Nippon Assist - Move to Japan

Japan is set to introduce a groundbreaking visa status aimed at facilitating the residence of IT engineers and professionals from overseas companies in the country, announced the Immigration Services Agency on Friday. The proposed visa will grant highly skilled workers the opportunity to engage in teleworking in Japan for up to six months, with the added benefit of enjoying sightseeing trips during their stay.

This initiative is strategically designed to attract a diverse range of individuals, including digital nomads who have the flexibility to work from anywhere. The plan is to draw in workers and consultants from overseas, as well as content creators such as YouTubers who earn advertising fees from international companies.

To further refine the program, the Immigration Services Agency will be seeking public opinions starting Saturday, with the aim of launching the new visa status at the end of March. This move signifies a significant departure from the existing visa statuses, typically used by tourists, which do not permit work and have a maximum stay limit of just 90 days.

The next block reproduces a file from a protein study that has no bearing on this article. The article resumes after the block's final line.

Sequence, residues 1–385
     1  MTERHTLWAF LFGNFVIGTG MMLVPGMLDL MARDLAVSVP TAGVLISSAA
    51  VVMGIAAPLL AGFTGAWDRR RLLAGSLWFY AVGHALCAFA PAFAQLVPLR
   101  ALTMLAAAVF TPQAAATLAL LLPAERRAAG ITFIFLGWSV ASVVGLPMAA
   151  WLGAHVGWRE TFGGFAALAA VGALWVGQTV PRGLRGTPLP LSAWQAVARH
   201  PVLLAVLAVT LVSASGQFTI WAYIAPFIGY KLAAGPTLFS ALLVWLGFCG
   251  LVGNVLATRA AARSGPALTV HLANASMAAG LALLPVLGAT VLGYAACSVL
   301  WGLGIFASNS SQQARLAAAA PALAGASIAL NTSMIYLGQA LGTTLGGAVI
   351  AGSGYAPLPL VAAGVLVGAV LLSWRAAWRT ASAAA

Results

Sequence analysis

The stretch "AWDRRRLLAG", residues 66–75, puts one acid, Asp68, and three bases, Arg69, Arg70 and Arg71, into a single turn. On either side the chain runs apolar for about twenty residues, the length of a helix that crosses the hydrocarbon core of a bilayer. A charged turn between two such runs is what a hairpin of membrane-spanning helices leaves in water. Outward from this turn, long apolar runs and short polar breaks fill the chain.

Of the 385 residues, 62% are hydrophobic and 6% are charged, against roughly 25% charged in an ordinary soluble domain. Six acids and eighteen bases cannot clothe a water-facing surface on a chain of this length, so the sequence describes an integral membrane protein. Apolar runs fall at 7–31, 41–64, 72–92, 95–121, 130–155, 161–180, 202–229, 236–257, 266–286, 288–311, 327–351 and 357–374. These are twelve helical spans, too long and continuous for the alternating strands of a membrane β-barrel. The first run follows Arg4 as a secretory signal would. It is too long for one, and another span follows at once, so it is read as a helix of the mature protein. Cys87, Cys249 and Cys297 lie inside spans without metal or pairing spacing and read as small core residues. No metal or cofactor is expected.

To be eligible for the new visa status, applicants must meet certain criteria, including having an annual income equivalent to 10 million yen ($68,000), citizenship in one of the 50 countries and regions with visa waiver agreements with Japan, and the possession of private health insurance. Self-employed individuals can qualify if their business generates revenue from overseas, and they can also bring family members who are covered by private health insurance.

The introduction of this visa aligns with the global rise of telework, which has become increasingly prevalent since the outbreak of COVID-19. Currently, there are approximately 35 million digital nomads worldwide, and this number is expected to grow.

Drawing parallels with Thailand’s SMART Visa program, Japan seems to be following suit in attracting skilled talent. Thailand’s program is designed to lure science and technology experts, senior executives, investors, and startup entrepreneurs to contribute to the growth of specific targeted industries.

The SMART Visa program in Thailand includes targeted industries such as Next-Generation Automotive, Smart Electronics, Medical and Wellness Tourism, Agriculture and Biotechnology, and more. The benefits offered to SMART Visa holders include a maximum 4-year permission to stay, one-year check-ins at immigration (instead of ninety days), work eligibility for spouses and children without the need for work permits, and no re-entry permits.

As Japan embarks on this innovative visa initiative, it remains to be seen how it will shape up in comparison to the Thai model. With the rise of telework and the growing number of digital nomads, this move by Japan could potentially redefine the landscape of international work and travel. What are your thoughts on Japan’s new visa initiative? Join the conversation and share your opinions on the potential impact of this development.